The T&T Guardian joined the Trinibats bat group and Dr Tuttle last Wednesday night, as they set up mist nets and examined bat species in the Arena Forest Reserve.
Dr Tuttle was sitting quietly in a clearing in the rainforest, surrounded by photographic equipment. He'd hold individual bats gently in one hand while taking photos of them with the other. "This one can hover like a helicopter," he commented in his gentle Southern drawl, as he carefully held up one tiny, velvety but understandably scared female bat.
Most bats, it turns out, aren't at all scary, or dangerous, or dirty; they are fascinating, gentle flying mammals who groom themselves endlessly while roosting, and who are miracles of adaptive design, each species being intelligently adapted to niches in their environment in sophisticated ways, from the shapes of their ears to the lengths of their tongues.
Most bats don't even suck blood, but prefer insects or fruit or the sweet nectar from flowers, with a few kinds preferring to dine on small creatures like frogs or fish.
"I'm particularly fascinated by bats because they're so important ecologically and economically. This whole forest here would be unhealthy without its bats. The bats are the primary carriers of seeds to new locations. Just one bat can carry 60,000 seeds to new locations in a single night. If even a fraction of those seeds survive to become seedlings, one bat can plant thousands of new plants a year," noted Dr Tuttle.
"If it weren't for bats, nocturnal insects would destroy this forest," said Dr Tuttle.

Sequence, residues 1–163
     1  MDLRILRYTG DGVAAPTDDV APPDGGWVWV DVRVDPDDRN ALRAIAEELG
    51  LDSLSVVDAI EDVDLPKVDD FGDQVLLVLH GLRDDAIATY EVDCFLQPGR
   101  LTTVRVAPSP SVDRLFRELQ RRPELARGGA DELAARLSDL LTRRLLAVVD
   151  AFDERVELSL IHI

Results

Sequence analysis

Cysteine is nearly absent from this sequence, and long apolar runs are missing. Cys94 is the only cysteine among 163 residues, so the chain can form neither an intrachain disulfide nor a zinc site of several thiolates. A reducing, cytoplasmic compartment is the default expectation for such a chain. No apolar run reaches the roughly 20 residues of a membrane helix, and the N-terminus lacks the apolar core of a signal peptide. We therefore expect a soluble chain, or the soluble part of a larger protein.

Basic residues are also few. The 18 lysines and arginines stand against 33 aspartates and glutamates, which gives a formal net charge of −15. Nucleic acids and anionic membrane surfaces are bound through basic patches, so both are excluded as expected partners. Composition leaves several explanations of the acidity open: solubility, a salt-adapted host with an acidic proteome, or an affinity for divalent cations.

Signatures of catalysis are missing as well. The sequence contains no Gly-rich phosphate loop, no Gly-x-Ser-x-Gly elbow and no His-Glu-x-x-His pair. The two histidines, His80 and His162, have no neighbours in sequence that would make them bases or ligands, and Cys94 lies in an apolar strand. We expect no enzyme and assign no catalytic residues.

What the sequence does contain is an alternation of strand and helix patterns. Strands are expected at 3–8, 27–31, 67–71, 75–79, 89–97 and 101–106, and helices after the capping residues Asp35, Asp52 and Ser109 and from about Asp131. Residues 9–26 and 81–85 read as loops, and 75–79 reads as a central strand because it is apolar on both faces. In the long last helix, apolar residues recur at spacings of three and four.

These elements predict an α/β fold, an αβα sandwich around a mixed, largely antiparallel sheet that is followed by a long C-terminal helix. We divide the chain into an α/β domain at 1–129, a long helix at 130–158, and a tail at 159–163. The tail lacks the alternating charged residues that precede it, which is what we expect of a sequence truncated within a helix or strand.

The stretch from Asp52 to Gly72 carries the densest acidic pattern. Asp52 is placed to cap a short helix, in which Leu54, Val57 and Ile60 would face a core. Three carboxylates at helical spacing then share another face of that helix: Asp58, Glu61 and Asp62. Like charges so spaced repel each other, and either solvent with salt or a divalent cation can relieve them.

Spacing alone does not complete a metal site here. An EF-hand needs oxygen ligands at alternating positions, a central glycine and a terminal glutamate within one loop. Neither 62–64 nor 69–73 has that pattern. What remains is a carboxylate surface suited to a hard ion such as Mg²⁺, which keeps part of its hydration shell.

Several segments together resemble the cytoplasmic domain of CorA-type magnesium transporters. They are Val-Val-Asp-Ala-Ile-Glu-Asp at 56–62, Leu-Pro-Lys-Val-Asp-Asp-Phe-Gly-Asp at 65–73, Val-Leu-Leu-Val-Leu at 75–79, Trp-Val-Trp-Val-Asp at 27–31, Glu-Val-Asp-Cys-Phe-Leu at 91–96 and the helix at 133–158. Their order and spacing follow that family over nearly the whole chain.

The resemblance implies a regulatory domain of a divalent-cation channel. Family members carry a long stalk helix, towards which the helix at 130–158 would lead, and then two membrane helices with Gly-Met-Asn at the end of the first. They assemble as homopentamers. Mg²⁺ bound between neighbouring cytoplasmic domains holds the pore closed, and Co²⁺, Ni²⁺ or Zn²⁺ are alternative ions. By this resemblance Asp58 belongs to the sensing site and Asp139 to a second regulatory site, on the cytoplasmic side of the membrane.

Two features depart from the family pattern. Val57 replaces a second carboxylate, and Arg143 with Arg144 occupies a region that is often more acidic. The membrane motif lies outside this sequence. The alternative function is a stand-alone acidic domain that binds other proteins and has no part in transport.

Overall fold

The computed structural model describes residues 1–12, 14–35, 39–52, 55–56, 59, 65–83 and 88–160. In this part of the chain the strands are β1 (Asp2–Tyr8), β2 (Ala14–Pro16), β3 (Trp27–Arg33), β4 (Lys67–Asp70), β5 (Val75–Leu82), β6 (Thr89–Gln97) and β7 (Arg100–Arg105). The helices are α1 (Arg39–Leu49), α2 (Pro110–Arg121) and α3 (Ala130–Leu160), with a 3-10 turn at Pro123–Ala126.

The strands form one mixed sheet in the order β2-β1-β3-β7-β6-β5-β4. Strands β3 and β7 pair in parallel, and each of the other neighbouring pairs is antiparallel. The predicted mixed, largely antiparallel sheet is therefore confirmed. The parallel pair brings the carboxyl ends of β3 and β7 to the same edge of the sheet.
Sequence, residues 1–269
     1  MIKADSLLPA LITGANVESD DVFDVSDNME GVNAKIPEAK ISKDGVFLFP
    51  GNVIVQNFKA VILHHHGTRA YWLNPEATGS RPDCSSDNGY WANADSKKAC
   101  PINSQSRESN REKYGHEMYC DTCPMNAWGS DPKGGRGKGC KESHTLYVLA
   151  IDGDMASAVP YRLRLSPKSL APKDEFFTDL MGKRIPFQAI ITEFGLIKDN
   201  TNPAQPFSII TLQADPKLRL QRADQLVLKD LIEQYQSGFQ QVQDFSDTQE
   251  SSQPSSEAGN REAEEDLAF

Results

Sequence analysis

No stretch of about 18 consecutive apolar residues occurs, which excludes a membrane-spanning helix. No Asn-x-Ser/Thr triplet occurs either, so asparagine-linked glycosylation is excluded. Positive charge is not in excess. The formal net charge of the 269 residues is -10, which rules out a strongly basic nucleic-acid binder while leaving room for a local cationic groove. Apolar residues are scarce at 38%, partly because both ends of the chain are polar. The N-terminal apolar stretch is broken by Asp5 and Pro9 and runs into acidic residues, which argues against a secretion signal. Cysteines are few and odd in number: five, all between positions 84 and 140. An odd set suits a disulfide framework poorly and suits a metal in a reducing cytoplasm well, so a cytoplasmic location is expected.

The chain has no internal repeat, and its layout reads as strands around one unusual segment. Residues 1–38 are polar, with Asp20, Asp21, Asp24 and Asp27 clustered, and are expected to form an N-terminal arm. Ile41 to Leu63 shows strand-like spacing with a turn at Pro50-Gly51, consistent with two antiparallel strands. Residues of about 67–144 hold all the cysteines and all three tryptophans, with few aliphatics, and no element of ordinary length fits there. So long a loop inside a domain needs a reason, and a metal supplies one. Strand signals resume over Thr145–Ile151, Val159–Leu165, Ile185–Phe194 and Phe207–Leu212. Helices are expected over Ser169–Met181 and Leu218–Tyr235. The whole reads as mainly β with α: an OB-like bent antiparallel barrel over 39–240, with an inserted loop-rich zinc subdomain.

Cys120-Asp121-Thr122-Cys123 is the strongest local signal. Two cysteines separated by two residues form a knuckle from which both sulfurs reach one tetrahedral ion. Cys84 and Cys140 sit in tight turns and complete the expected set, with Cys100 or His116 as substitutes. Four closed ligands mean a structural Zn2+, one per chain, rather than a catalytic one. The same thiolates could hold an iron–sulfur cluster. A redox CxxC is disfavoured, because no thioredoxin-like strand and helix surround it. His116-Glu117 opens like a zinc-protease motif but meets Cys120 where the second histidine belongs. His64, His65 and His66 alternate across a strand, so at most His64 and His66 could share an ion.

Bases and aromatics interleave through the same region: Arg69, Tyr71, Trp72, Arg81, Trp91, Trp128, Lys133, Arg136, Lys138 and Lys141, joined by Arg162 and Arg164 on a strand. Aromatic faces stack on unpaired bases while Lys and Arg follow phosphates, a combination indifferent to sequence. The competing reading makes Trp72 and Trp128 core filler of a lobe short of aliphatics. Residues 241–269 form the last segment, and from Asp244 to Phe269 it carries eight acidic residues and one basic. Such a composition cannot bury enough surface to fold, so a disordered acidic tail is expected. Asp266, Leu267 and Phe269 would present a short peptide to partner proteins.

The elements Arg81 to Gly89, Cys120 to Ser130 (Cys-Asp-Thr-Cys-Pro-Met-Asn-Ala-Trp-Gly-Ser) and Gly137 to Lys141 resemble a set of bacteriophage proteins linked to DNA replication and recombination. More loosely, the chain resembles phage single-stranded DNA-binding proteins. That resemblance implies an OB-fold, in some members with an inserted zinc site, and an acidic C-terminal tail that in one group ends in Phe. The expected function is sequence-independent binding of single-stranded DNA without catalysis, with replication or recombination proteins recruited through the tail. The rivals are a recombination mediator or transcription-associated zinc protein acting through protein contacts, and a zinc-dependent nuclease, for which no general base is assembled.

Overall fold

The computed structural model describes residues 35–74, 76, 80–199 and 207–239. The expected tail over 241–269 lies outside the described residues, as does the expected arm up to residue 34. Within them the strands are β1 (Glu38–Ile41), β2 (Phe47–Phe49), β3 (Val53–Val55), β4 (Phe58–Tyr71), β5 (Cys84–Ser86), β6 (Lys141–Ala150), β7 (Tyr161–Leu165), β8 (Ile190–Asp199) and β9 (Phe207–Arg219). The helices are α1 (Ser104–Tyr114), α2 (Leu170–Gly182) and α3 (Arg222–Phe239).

"Bats are very necessary to keeping insects in balance. Houseflies have enormous reproductive rates, as do mosquitoes and other insects, and if you don't have a good balance of everything from frogs to birds to bats, the insects get way out of balance – and that endangers us. Most of our main crop and yard pests are insects that are active at night. They wouldn't have primary predators if it weren't for bats."
I asked Dr Tuttle whether bats were ever on the vermin list in the States, as they are now in T&T. He replied:
"Never, thank goodness. Bats are anything but vermin. Bats got on the vermin list here, I suspect, originally because of vampire bats. But in reality, there are only three kinds of vampire bats in all of Latin America, and hundreds of other species. Vampire bats are just a tiny fraction, and yet they get all the attention.
"The vast majority of bats are pollinating flowers, carrying seeds needed to reforest, and they're consuming vast numbers of insects." He referred to a 2013 agroforestry study of cacao plantations in Indonesia which found that the natural pest control activities of birds and bats, through their eating of many insects, significantly increased crop yields of cacao; trees from which birds and bats were excluded, produced up to 31% less cacao (2013 study, University of Gottingen).
Money from bat tourism
"We tend to fear most what we understand least," commented Tuttle. "And we're afraid of bats when we don't need to be."He gave a personal example.
"I come from Austin, Texas. We have a bridge in the middle of town that houses a million and a half bats. When they began to move into that bridge, 35 years ago, people said: 'Oh, they're rabid, they're dangerous.' The news media made big headlines about how dangerous the bats were.